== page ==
“Jeff Konya is a terrific hire for SJSU. He was instrumental to our success at SMU and understands the ins and outs of the game. Coaches and student-athletes will love working with him and there’s no better person to lead the Spartans into the future.”

June Jones, Former NFL Head Coach, Former Head Football Coach at the University of Hawaii and SMU

“This is great news for San Jose State University. Jeff is a strong and dynamic leader and a phenomenal person who has a proven ability to build programs to new levels of excellence. I especially appreciate his focus on student-athlete well-being. He’s one of the good guys in the business and I know he’ll accomplish great things in San Jose.”

Candace Storey Lee, Athletics Director at Vanderbilt University


May 22, 2021

San José State University President Mary Papazian has named CFO and Vice President for Administration and Finance Charlie Faas as its interim director of athletics. Faas will be responsible for stewarding the athletics department until the university names its 15th Director of Athletics.

“Charlie Faas is a strong leader with professional integrity,” stated President Papazian. “His sports and business acumen will help us maintain forward progression during this transition. We are grateful for his teamwork.”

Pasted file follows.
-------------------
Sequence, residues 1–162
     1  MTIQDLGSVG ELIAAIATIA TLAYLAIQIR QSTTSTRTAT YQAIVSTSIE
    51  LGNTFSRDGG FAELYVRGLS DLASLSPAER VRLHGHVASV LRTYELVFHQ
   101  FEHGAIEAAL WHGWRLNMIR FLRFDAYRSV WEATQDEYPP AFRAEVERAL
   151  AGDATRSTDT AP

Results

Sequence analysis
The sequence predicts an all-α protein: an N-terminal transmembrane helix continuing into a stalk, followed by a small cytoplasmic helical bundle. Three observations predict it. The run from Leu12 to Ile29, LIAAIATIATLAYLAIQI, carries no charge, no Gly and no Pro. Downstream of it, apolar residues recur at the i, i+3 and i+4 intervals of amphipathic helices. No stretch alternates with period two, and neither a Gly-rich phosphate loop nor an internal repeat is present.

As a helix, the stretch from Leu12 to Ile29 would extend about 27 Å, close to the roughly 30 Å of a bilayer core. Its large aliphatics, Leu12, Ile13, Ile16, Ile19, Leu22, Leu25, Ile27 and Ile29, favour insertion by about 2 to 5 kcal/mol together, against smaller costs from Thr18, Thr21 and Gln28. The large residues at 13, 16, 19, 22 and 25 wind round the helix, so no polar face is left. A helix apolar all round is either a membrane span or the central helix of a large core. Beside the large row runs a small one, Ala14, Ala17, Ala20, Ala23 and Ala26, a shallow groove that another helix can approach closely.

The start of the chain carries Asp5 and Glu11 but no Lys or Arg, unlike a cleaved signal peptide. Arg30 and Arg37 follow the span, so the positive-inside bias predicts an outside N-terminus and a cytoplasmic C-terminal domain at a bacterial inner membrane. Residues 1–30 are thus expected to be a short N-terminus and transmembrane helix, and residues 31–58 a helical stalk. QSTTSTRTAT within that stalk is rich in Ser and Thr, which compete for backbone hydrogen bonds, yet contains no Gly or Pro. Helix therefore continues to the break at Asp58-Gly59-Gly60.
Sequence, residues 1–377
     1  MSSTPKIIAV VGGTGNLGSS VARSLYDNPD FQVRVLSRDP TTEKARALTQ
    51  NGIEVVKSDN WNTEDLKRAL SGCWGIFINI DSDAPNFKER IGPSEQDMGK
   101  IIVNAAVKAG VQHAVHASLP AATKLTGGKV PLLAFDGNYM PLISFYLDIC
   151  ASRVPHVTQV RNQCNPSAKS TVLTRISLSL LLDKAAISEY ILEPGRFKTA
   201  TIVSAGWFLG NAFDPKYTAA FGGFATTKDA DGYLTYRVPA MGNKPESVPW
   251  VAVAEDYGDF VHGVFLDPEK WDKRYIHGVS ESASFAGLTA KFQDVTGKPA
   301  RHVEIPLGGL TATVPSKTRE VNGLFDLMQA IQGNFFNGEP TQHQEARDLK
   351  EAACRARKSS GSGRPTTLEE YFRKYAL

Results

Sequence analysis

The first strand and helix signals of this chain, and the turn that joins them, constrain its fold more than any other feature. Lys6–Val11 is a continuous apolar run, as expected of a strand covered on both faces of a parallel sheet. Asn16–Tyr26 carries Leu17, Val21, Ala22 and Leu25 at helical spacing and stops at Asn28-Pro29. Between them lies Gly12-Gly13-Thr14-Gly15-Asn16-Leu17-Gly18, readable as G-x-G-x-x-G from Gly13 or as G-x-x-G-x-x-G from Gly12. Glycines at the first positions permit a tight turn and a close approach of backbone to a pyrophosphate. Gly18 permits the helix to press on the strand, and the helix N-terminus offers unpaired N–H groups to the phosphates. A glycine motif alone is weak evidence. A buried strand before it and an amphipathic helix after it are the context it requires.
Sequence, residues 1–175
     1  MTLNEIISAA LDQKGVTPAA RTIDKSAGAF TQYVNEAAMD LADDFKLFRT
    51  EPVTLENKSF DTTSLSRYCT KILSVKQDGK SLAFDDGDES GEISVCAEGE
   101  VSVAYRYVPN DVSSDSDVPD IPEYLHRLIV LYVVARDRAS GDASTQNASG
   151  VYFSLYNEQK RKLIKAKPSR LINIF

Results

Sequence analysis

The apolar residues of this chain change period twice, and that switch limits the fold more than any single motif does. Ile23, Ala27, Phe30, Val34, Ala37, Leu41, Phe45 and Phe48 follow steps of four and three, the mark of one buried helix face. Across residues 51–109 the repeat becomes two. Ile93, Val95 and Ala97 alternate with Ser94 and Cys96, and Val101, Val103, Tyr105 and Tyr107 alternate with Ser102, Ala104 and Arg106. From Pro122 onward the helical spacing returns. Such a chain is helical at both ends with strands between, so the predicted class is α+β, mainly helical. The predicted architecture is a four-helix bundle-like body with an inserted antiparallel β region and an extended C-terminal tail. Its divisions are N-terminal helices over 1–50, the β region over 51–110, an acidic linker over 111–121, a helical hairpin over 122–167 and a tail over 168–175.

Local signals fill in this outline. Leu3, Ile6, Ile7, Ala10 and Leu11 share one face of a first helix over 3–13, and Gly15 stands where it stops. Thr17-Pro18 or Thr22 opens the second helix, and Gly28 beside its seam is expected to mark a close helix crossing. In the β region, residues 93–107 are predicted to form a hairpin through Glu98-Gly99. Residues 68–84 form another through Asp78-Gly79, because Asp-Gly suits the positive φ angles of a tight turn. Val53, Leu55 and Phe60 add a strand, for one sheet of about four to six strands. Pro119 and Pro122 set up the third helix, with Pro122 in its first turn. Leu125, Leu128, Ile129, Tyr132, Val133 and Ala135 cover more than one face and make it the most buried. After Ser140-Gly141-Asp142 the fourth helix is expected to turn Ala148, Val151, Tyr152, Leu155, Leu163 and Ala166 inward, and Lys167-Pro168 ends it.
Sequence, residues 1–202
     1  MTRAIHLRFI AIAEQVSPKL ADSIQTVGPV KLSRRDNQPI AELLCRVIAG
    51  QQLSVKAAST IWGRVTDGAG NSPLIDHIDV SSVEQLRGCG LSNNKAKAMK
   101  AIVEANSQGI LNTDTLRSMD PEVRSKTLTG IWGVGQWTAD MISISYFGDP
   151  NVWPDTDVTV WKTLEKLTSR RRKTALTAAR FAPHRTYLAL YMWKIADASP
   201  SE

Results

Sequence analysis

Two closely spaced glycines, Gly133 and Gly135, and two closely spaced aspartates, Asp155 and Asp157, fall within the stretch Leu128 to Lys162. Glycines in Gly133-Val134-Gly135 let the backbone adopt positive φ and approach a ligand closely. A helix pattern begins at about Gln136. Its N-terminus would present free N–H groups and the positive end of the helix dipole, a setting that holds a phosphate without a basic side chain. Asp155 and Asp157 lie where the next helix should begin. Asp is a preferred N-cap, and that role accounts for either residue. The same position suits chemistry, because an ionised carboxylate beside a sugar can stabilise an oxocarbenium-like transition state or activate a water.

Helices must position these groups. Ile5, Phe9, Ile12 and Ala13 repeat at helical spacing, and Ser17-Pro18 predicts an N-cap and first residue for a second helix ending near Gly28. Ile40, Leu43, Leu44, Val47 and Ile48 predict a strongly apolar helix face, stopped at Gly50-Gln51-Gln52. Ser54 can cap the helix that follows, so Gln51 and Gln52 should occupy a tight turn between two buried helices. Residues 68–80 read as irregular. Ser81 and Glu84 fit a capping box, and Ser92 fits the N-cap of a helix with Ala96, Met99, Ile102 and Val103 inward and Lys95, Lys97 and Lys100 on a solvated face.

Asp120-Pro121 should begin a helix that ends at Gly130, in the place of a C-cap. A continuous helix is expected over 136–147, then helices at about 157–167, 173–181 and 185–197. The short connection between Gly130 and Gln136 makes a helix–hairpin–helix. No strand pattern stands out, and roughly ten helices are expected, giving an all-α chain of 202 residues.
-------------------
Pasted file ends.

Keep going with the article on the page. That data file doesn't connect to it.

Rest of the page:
Faas has working knowledge of the athletics department, playing instrumental roles in the development of the Spartan Athletics Center and South Campus renovations. As CFO, Faas leads SJSU’s financial, administrative and business functions. This includes Administration and Finance, Facilities Development and Operations, the University Police Department, and Spartan Shops. Faas is the chair of the Board of Directors of the San Jose Sports Authority. He served as executive vice president and CFO for Sharks Sports & Entertainment and CEO of the USA Pavilion at Expo Milano. In addition, he has held senior roles with numerous entities in Silicon Valley and New York, including IBM.

President Papazian has also formed a search committee chaired by Vice President for Strategy and Chief of Staff Lisa Millora, Faculty Athletics Representative and chair of the kinesiology department Tamar Semerjian, Super Bowl-winning wide receiver, NFL Network Analyst and SJSU alumnus James Jones, and Faas. The President and search committee will work collaboratively with TurnkeyZRG, led by Managing Director Chad Chatlos, in a national search for its next Director of Athletics. Chatlos specializes in senior executive searches across the sports industry with a focus on roles in the ever-changing landscape of intercollegiate athletics.